Viren returned back to Finland to continue his duties as a policeman. He was well renowned for rather ordinary results in non-Olympic years. Perhaps those results can be attributed to the leg problems he dealt with for several years following the '72 Olympics. Viren, along with his coach, Rolf Haikkola, planned his training plan meticulously for a tremendous peak every four years. Linking Viren to past greats, Haikkola was well known for being heavily influenced by Arthur Lydiard. Viren's critics have long claimed that his success in each Olympics was due to blood boosting (practice of freezing one's own blood and returning it back to the body which results in an increase aerobic capacity). He has always denied this claim, giving credit to the value of drinking reindeer milk. Viren's resting heart rate of 28 might have been more of an indication of his talent.

In the '76 Olympics, Viren nearly duplicated Zatopek's incredible distance triple (5000m., 10000m. and marathon) by finishing 5th in the marathon along with his two victories. First, he dispatched, future Olympic marathon champion, Carlos Lopes, in a 10000m. duel that resulted in an easy victory. The 5000m. race was in the opinion of many, one of the greatest races in Olympic history. The photo to the right (courtesy of www.britannica.com) shows the mass finish of runners, including the sprawling Klaus-Peter Hildenbrand edging Rod Dixon for the bronze medal. Viren entered the marathon just 21 hours after his 5000m. final and by his own account, "It was a race too far" and "I had nothing left".

Viren's final tally in three Olympics ('72, '76 and '80) was 4 gold medals and 2 fifth place finishes ('76 marathon and '80 10000m.). He will always be a controversial figure in the sport due to the allegations of the blood boosting but there is no denying his part in the history of distance running. To this day, he is still the only runner to record the distance double (5k./10k.) victory in two consecutive Olympics.

Picture courtesy of www.olympic.org


We get closer to #1 in my next post.

Thursday, August 09, 2007

Peter Snell, Legendary Runner #6

Next on my list is the runner that strode in to the running scene with a powerfully built body, decked in the famous black singlet with the silver fern emblazoned on the chest. He was remarkably similar to Herb Elliott in many ways which will be pointed out shortly. His name was Peter Snell and he hailed from New Zealand.

Snell, like Elliott, was a remarkable athlete who participated in many sports including Rugby, Cricket, Tennis, Badminton and Golf. Snell at the age of 19 would meet the man that would coach him throughout his career, Arthur Lydiard. As told by Snell, Lydiard told the young runner, "Peter, with the sort of speed you've got, if you do endurance training, you could be one of our best middle-distance runners." Motivated by the sage coach as Elliott was with Cerutty, Snell (pictured to the left courtesy of www.runningworks.com) turned his complete attention to running.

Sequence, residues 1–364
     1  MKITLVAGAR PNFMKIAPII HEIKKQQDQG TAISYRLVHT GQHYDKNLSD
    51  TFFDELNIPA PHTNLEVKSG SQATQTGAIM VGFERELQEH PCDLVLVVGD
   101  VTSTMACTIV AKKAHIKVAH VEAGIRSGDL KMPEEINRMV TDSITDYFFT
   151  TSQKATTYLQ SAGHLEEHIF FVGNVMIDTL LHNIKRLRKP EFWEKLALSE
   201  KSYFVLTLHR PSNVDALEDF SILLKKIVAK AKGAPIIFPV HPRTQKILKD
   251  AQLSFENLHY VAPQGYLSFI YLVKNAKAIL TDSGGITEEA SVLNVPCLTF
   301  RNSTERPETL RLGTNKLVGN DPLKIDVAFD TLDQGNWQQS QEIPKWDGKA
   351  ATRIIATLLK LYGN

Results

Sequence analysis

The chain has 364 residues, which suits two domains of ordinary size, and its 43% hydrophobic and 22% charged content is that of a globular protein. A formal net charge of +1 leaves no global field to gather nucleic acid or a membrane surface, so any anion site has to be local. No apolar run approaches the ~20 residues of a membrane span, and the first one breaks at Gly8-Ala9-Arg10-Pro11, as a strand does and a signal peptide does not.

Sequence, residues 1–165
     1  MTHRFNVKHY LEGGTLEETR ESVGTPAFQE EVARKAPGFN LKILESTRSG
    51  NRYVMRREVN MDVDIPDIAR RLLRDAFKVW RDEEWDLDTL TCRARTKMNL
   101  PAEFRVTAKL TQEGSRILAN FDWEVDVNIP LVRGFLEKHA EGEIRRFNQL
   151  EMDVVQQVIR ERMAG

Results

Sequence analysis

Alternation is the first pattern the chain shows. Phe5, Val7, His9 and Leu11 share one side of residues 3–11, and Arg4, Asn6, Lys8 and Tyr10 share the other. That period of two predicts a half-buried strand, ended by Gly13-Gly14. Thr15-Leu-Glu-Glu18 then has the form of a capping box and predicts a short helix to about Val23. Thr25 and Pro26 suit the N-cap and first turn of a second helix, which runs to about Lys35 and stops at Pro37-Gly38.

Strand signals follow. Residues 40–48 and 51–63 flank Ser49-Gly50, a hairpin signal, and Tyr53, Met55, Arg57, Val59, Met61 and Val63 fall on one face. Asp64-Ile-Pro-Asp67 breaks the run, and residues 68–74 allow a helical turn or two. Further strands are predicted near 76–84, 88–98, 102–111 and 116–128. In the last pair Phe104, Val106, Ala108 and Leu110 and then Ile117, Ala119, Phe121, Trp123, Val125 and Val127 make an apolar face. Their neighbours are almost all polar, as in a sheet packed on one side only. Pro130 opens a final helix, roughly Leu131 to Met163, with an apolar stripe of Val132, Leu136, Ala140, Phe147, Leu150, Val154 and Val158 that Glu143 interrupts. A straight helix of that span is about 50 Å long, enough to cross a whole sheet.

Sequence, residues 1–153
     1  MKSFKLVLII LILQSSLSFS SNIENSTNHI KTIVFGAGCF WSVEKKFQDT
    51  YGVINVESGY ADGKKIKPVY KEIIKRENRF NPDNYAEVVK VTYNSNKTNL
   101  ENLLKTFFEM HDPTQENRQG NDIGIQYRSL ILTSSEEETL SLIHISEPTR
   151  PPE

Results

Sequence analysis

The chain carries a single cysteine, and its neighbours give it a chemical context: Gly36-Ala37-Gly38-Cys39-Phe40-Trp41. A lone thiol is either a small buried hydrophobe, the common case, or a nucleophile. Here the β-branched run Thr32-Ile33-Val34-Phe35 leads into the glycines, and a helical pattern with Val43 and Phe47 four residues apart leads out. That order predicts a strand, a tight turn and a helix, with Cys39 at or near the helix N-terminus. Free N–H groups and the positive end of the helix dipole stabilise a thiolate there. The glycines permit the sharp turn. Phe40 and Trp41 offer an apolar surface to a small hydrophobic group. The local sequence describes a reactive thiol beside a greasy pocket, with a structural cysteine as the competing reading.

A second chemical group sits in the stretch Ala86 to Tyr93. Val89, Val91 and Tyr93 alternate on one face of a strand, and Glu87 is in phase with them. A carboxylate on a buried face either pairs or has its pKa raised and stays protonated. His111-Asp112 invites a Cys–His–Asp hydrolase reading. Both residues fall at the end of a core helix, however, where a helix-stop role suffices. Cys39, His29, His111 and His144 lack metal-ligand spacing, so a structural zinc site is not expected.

During the 1960 Olympics, Elliott dominated his race in the 1500 while Snell had to scrape and claw past world record holder, Roger Moens in the 800 to set a new Olympic record. Less than an hour later, Snell's teammate, Murray Halberg, won the 5000m. gold medal to add credence to Lydiard's marathon based training. Although Lydiard was not considered the New Zealand Olympic Track and Field coach for those athletes, there was no question of his impact with the talented distance runners.

In 1962, Snell established new world standards in the 800m. (1:44.3) and the mile (3:54.4). The 800 time is a still standing New Zealand record and the reputed as the fastest recorded 800m. time on grass. Snell became one of the most feared racer in his time with tremendous endurance and a devastating kick. He was also reported to have run a mid 2:20 Marathon in practice.

In the '64 Olympics, Snell repeated as the 800m. Olympic champion becoming the third Olympian to repeat as 800m. champion following Britain's Douglas Love in '24 and '28 and American Mal Whitfield in '48 and '52. He also doubled back to win the 1500m. (pictured to the right), becoming the last Olympian to win the 800m. and 1500m. in the same Olympics. Snell recorded his last two world records following the Olympics breaking the 1000m. record (still standing NZ record) and lowering his own world record in the mile to 3:54.1 five days later.